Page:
Now that we have all of our pieces in place, it’s time to create the exact snapping layout we want. We already know what the maximum width of the page’s layout .container is because we set it up to change at different breakpoints with the variables we registered at the beginning. In other words, the .container’s width will never exceed the value of --c-max-width. We also know the container always has a padding equal to the value of --c-padding.

Again, our slider is outside of the .container, and yet, we want the scroll-snapped images to align with those values for a balanced page layout. Let’s create a new CSS variable, but this time scoped to the .slider and set it up to calculate the space between the viewport and the inside of the .container element.

.slider {
  --offset-width: calc(((100% - (min(var(--c-max-width), 100%) + (var(--c-padding) * 2))) / 2) + (var(--c-padding) * 2)
  );
}

That is a lot of math! First, we’re calculating the minimum value of either the .container element’s max-width or 100%, whichever is smaller, then increasing this minimum value with padding on the .slider. This result is then subtracted from 100%. From this, we get the total amount of space that is available to offset either side of the .slider to align with the layout .container.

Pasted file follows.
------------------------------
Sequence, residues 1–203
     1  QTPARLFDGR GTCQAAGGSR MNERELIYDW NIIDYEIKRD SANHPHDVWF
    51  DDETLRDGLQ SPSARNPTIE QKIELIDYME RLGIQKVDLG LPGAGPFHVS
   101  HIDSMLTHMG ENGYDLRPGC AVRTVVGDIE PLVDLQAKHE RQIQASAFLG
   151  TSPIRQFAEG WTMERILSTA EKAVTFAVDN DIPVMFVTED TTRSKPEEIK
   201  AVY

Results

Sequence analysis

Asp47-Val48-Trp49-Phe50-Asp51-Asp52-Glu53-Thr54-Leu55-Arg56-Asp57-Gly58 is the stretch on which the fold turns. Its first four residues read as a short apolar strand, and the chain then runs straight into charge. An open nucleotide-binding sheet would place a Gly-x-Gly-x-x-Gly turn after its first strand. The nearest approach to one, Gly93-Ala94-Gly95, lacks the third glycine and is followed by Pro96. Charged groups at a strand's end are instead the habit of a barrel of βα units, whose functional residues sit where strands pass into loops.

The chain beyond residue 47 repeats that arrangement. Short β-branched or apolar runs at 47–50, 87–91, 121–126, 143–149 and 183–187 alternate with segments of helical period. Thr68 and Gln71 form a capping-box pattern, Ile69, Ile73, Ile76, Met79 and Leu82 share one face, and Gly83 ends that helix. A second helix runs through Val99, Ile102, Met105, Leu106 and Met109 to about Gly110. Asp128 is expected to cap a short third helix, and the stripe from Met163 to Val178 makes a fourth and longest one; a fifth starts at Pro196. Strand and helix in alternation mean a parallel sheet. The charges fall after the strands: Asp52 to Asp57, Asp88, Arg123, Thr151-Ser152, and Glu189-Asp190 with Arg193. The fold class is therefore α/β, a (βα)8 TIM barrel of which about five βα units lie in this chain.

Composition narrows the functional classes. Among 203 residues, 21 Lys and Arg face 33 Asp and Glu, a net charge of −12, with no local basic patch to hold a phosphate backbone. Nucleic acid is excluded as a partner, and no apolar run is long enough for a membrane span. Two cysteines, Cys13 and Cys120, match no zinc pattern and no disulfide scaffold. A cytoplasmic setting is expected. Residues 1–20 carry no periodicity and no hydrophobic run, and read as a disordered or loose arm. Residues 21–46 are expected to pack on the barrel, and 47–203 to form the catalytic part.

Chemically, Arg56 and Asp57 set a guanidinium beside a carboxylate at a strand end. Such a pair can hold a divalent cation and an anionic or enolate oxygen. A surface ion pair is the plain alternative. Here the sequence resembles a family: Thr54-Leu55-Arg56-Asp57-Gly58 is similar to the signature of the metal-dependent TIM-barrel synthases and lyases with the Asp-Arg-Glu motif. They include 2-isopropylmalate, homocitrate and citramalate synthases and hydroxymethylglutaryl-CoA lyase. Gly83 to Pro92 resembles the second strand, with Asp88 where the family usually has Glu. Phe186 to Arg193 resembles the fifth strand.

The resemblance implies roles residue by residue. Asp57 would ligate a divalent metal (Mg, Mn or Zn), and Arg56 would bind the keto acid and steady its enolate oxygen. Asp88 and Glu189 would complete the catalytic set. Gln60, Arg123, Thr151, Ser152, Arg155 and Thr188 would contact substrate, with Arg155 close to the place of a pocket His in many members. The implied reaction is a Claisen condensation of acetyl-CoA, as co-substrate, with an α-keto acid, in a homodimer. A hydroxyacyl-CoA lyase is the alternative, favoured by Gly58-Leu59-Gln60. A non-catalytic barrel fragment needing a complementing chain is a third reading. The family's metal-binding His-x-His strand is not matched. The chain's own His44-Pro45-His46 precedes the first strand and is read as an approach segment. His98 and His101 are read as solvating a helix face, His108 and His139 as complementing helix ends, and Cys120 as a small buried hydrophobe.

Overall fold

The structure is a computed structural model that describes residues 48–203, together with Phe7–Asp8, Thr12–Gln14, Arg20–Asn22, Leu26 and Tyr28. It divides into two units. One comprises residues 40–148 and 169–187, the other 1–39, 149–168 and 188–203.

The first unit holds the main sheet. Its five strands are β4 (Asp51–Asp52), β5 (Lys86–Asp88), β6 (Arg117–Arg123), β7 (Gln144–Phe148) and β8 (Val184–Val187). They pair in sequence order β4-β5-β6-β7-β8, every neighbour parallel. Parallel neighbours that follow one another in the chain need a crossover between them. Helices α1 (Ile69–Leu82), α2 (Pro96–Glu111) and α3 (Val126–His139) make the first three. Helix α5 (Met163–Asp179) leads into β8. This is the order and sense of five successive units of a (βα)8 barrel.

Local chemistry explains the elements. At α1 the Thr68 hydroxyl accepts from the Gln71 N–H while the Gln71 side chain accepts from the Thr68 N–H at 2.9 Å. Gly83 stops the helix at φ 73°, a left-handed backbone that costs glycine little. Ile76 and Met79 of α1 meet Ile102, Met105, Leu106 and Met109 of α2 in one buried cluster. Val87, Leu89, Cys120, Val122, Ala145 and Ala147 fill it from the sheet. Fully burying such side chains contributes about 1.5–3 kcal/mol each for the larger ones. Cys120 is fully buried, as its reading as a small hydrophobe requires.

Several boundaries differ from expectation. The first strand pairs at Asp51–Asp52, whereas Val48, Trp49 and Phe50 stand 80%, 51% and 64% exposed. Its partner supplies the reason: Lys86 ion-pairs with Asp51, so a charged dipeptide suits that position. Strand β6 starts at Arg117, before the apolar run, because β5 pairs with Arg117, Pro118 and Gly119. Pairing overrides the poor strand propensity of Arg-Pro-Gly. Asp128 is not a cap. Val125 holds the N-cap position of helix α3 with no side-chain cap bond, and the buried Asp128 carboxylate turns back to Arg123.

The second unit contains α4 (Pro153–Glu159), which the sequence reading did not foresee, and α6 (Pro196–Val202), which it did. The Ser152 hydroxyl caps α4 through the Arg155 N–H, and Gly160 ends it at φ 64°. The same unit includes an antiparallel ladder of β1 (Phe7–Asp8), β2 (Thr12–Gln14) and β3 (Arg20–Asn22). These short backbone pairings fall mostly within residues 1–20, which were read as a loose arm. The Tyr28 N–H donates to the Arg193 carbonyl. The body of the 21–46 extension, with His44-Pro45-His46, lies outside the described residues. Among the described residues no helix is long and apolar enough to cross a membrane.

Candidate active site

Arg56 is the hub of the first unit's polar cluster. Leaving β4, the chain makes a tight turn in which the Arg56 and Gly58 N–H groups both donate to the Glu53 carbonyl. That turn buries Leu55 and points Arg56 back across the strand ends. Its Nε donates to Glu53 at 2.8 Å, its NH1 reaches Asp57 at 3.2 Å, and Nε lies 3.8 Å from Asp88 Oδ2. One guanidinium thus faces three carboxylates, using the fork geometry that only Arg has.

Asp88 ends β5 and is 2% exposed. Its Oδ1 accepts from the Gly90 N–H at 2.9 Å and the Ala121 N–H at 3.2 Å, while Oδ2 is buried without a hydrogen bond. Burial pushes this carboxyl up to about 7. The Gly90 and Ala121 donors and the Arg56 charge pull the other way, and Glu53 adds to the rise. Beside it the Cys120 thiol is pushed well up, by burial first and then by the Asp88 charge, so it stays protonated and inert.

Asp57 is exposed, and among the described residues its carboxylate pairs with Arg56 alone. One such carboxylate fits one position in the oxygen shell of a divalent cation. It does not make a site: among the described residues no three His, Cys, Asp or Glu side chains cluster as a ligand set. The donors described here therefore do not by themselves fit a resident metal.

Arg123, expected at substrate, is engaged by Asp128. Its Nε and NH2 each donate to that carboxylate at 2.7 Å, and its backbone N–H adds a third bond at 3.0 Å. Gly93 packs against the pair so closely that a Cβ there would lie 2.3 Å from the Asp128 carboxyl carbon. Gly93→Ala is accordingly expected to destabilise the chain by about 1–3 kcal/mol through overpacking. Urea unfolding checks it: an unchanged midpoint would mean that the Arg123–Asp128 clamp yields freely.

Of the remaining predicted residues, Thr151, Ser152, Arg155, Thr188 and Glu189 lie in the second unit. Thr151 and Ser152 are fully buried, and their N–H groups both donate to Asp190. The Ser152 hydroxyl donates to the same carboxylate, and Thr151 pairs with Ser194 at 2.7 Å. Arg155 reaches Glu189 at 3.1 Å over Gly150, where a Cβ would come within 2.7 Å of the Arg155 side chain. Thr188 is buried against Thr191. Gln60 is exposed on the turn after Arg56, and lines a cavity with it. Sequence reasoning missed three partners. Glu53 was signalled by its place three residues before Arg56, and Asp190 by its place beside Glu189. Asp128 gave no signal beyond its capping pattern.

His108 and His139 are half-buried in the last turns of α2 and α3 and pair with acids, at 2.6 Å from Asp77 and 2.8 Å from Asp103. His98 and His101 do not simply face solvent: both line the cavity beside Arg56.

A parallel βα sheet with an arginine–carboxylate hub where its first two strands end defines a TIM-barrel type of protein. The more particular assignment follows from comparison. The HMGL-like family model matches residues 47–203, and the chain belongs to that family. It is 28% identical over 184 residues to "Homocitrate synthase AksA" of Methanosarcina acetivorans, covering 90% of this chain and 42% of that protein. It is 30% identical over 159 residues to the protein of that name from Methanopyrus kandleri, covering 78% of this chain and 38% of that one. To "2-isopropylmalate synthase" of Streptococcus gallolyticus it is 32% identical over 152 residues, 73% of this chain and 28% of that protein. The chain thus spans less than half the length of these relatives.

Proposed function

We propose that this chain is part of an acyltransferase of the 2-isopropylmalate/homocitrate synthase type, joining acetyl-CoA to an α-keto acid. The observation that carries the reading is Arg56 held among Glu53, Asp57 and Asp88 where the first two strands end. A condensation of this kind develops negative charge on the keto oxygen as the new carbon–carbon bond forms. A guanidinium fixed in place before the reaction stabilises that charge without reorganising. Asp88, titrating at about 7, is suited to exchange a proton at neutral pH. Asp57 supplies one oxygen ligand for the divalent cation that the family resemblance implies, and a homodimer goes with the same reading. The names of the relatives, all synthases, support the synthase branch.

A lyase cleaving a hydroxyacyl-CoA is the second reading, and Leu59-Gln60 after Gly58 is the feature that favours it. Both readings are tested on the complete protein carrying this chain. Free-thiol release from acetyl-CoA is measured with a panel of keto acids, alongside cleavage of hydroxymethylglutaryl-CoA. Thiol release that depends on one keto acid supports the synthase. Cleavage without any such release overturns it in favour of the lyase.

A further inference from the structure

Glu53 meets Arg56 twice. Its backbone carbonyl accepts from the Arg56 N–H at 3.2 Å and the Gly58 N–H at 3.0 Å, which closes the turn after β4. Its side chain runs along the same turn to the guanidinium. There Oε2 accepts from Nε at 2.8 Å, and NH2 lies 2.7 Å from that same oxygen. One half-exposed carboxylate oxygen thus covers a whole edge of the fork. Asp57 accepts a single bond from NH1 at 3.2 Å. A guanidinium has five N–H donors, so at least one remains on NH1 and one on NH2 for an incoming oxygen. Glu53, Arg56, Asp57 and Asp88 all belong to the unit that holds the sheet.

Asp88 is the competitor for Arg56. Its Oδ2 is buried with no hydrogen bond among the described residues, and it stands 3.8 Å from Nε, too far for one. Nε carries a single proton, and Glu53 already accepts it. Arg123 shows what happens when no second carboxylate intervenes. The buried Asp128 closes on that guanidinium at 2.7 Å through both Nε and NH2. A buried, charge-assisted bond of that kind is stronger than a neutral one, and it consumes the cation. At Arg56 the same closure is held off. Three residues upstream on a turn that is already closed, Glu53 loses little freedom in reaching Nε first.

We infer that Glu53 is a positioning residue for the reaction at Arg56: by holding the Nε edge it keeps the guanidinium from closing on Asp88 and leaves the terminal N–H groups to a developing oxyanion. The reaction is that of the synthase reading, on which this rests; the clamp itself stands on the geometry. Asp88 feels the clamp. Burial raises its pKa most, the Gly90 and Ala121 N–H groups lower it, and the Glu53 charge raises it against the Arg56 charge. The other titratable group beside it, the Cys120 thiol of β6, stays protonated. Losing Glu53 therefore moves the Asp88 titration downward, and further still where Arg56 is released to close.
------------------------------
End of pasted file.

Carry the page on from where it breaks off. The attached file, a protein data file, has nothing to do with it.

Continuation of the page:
We then divide this number by 2 to get the offset width for each specific side. And finally, we add the .container’s inline padding to the offset width so that the .slider is offset from the inside edges of the container rather than the outside edges. In the demo, I have used the universal selector (*) and its pseudos to measure the box-sizing of all elements by the border-box so that we are working inside the .slider’s borders rather than outside of it.

*, *::before, *::after {
  box-sizing: border-box;
}

Some Minor Cleanup

If you think that our code is becoming a bit too chaotic, we can certainly improve it a bit. When I run into these situations, I sometimes like to organize things into multiple custom properties just for easy reading. For example, we could combine the inline paddings that are scoped to the :root and update the slider’s --offset-width variable with a calc() function that’s a bit easier on the eyes.

:root {
  /* previous container custom properties */